I could never understand why some songs could make my eyes water.
- Radiohead — Paranoid Android, with its contradictory chords
- Thrice — Artist in the Ambulance, with its repenting, inspirational movements
- Dreamtheater — Disappear, as the harp leads to distortion in a bittersweet explosion
- Billy Talent — Nothing to Lose, with its heartwrenching chorus
- Godspeed, You Black Emperor! — Hungover as the Queen in Maida Vale, right when a single violin interrupts the sermon
- No Motiv — Born Again, when the drums kick in heavy and lead the listener to the present
- Lovage — Anger Management, with its pining soft rock melody
- The Dears — Heartless Romantic, with its thumping, distorted bass hits against the droning organ synth and dual vocals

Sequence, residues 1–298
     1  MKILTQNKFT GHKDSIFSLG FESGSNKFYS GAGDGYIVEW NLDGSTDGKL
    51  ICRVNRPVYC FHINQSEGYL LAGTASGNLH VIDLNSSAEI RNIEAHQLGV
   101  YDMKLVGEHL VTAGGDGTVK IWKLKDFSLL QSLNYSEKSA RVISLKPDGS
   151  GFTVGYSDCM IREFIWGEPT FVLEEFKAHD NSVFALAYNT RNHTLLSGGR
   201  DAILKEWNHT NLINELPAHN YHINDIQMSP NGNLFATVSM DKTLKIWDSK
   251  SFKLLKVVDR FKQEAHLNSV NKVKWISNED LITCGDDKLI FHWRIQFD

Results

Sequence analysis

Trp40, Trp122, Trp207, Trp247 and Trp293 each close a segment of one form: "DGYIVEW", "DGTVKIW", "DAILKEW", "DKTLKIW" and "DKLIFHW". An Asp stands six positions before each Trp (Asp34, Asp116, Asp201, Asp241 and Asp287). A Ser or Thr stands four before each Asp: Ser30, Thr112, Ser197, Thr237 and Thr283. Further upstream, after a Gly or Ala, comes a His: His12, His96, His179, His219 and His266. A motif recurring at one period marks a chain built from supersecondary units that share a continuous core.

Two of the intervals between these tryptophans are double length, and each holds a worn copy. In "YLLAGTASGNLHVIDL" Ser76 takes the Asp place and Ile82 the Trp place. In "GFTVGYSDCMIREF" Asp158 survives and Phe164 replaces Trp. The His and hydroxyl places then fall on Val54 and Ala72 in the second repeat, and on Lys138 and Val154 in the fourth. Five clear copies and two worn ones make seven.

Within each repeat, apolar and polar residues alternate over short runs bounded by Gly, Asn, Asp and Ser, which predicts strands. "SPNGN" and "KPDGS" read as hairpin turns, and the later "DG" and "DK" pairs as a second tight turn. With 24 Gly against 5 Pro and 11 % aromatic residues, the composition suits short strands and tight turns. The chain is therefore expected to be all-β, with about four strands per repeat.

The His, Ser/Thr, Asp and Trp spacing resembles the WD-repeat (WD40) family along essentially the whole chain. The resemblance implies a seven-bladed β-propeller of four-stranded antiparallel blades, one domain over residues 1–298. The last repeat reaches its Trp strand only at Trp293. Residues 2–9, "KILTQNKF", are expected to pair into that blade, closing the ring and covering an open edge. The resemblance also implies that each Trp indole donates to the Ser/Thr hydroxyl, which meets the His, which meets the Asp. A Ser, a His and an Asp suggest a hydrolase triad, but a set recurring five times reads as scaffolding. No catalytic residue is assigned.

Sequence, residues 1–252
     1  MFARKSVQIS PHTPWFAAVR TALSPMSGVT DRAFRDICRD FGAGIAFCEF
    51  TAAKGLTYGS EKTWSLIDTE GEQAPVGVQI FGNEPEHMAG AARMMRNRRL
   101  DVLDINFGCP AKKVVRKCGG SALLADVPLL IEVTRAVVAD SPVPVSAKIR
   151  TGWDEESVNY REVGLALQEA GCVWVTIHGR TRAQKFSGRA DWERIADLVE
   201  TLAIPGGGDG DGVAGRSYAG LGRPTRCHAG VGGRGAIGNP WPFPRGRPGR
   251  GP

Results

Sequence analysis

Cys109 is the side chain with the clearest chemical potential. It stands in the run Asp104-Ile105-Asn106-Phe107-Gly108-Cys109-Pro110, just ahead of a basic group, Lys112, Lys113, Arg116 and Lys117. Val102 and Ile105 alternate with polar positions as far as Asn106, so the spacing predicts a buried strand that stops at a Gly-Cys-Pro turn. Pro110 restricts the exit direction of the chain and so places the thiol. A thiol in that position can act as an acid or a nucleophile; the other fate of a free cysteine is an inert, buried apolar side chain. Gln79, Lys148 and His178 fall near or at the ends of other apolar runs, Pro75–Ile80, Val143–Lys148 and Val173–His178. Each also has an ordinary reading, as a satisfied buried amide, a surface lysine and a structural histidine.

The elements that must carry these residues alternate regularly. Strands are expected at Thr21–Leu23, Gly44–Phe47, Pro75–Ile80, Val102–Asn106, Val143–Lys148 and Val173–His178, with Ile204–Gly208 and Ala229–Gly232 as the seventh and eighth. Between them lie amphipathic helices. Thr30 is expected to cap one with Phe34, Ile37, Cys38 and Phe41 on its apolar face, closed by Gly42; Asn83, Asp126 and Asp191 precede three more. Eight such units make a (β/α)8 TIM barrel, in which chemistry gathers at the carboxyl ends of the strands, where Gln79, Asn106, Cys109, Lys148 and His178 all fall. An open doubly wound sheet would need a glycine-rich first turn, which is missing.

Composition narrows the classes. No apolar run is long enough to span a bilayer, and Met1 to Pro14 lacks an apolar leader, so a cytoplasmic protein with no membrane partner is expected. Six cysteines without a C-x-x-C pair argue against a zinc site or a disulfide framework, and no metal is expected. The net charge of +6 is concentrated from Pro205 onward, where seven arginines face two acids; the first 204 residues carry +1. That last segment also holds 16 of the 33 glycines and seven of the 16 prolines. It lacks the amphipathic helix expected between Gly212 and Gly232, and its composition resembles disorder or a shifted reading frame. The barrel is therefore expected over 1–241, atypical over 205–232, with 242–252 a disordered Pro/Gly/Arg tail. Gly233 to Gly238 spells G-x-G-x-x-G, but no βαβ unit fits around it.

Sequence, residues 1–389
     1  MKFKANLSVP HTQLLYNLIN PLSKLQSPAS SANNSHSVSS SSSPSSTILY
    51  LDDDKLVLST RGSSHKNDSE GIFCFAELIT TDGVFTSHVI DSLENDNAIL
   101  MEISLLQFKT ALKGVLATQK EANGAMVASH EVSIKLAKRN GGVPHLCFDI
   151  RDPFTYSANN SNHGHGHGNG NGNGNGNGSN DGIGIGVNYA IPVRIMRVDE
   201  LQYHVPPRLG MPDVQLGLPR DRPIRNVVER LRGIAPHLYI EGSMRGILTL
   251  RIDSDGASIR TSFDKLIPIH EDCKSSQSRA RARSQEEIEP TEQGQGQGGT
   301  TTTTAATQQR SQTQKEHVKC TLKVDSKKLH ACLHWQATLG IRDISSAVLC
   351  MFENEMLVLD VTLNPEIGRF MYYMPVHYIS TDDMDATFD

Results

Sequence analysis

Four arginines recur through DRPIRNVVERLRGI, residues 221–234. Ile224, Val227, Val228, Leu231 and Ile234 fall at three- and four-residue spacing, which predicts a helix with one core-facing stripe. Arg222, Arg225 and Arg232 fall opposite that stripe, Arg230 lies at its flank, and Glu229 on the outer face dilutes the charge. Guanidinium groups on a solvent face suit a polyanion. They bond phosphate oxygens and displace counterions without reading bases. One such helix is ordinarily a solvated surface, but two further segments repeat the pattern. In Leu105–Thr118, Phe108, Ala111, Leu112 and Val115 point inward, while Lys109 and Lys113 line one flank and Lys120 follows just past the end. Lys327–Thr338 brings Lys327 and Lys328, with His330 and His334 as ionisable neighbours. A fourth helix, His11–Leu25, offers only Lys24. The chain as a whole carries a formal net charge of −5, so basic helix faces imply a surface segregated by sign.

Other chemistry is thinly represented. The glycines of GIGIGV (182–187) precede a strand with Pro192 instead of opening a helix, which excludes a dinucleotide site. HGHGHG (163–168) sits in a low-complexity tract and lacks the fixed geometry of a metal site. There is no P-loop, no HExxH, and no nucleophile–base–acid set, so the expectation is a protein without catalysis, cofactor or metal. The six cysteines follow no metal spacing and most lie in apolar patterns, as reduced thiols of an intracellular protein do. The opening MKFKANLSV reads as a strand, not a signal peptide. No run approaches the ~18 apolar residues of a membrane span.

- Elliot Smith — Waltz #2, with its steady, but heart-breaking tone
- Bad Astronaut — These Days, every time the effusive chorus rushes in
- Strung Out — Match Book, in its entire energetic hopefulness
- Postal Service — The Dream Of Evan And Chan, through all the opening lines
- Misfits — Saturday Night, as soon as the dragging guitars kick in
- Portishead — Undenied, with Beths fragile voice accompanying a simple, distorted loop
For the longest time I had assumed that it was the songs themselves, composed so well with so much pain, that would blur my vision. These songs were sad, and tears were the proper response.
Then I heard something a little different, something that was calming yet lifting. A dreamy song by Modest Mouse called Float On, that filled me with an indescribable satisfaction every time I heard it. And I realized that all these songs, as sad as they are, were making me happy.
So happy that tears are the proper response.